I have always been an Elvis fan, initially because we shared the same birthday. Over time, I came to truly love his classic songs, from the Sun Sessions in Memphis to his NBC Comeback Special in 1968. When Elvis was encouraged to find something deep within his soul, the results were startling—a bolt of rock and roll lightning. Yet, in between the early Elvis and the comeback Elvis were years of Hollywood Elvis, phoning it in for the movies.
What kept Elvis going amidst all the mediocrity that Colonel Tom Parker booked for him? In The Seeker King, Gary Tillery explores the spiritual side of Elvis. Tillery doesn’t focus upon the gospel recordings or the Pentecostal roots of Elvis’s upbringing. Instead, he focuses upon the theosophical side of Elvis, the New Age books which accompanied his post success crises. Tillery portrays Elvis as a man who sensed he had a divine calling, yet struggled to make peace with his success. How could such a seemingly dedicated Southern Christian engage in pill popping and womanizing with such abandon?
Tillery emphasizes the Gnostic beliefs of Elvis’s key handlers, like his hairdresser Larry Geller. He introduced Elvis to books like The Impersonal Life, authors like Helena Blavatsky, and movements like the Self-Realization Fellowship. After reading the Autobiography of a Yogi, Elvis sought initiation into Kriya Yoga. Larry Geller introduced him to the leader of the Self-Realization Fellowship, Sri Daya Mata. While the goal of Yogananda’s teaching was a harmony between spirit, mind, and body, Elvis focused on his potential to acquire special powers. Perhaps Elvis came to abuse his body because he slowly became convinced that the flesh paled in comparison to the mind. While critics may have latched onto his weight gain, Elvis was focused upon transcending his situation. A disembodied faith may have allowed him to separate his adulterous ways from his avowed dedication to his wife, Priscilla. If what matters are strictly our soul or our being, then what we do to and with our body need not count, right?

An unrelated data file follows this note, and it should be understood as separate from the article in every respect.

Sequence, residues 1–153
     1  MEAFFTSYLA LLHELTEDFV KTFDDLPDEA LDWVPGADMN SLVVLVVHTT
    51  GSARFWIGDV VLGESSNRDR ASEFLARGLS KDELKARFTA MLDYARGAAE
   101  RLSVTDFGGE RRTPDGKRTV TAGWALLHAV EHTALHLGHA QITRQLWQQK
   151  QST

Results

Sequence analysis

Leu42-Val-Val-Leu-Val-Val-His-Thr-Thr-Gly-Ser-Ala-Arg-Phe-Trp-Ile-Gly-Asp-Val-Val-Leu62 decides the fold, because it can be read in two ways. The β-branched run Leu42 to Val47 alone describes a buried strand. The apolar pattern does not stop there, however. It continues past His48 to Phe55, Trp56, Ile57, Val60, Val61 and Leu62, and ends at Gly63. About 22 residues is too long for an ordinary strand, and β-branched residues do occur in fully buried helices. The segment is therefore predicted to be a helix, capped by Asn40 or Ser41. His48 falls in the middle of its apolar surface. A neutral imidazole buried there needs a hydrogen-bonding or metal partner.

Living in Southern California, I drive past the Self Realization Fellowship in Pacific Palisades on a regular basis. It merges eastern mysticism with western pragmatism. It offers an esoteric set of beliefs that encourages people to tap into their personal power. After a rigorous Christian upbringing in Tupelo, Mississippi, Elvis must have welcomed metaphysical practices that placed him in the center. Elvis meditated upon his place in the world. Why had he become world famous? What message was he uniquely born to offer adoring audiences? He came to see himself as a “a soul, a spirit, a force.” The Seeker King is not the Gospel According to Elvis, but Elvis as the center of his own movement.
Gary Tillery’s biography takes a while to get traction. The description of Elvis’s early years reads like a compendium of other biographies. But once Larry Geller enters the scene and Elvis embarks on a spiritual search, The Seeker King picks up speed. Elvis comes to share the fascination with all things Eastern that also entranced the Beatles. As his career unravels, Elvis loses far too many friends and significant relationships. Those members of his “Memphis Mafia” who should or could have protected him enabled his drug abuse instead.
What does true friendship look like? Those who benefited from Elvis’ largesse failed to come to his aid in a timely manner. The Memphis Mafia saw the decline in his health, yet, they did nothing to stop it. Such contempt for the power and potential in Elvis may explain why he sought answers beyond his Christian roots. How to explain unparalleled fame and inordinate riches? Elvis sought to understand his calling, why was he set apart. The Seeker King suggests that books beyond the Bible provided answers. Sadly, in the end, no belief system could divert Elvis from his path toward self-destruction.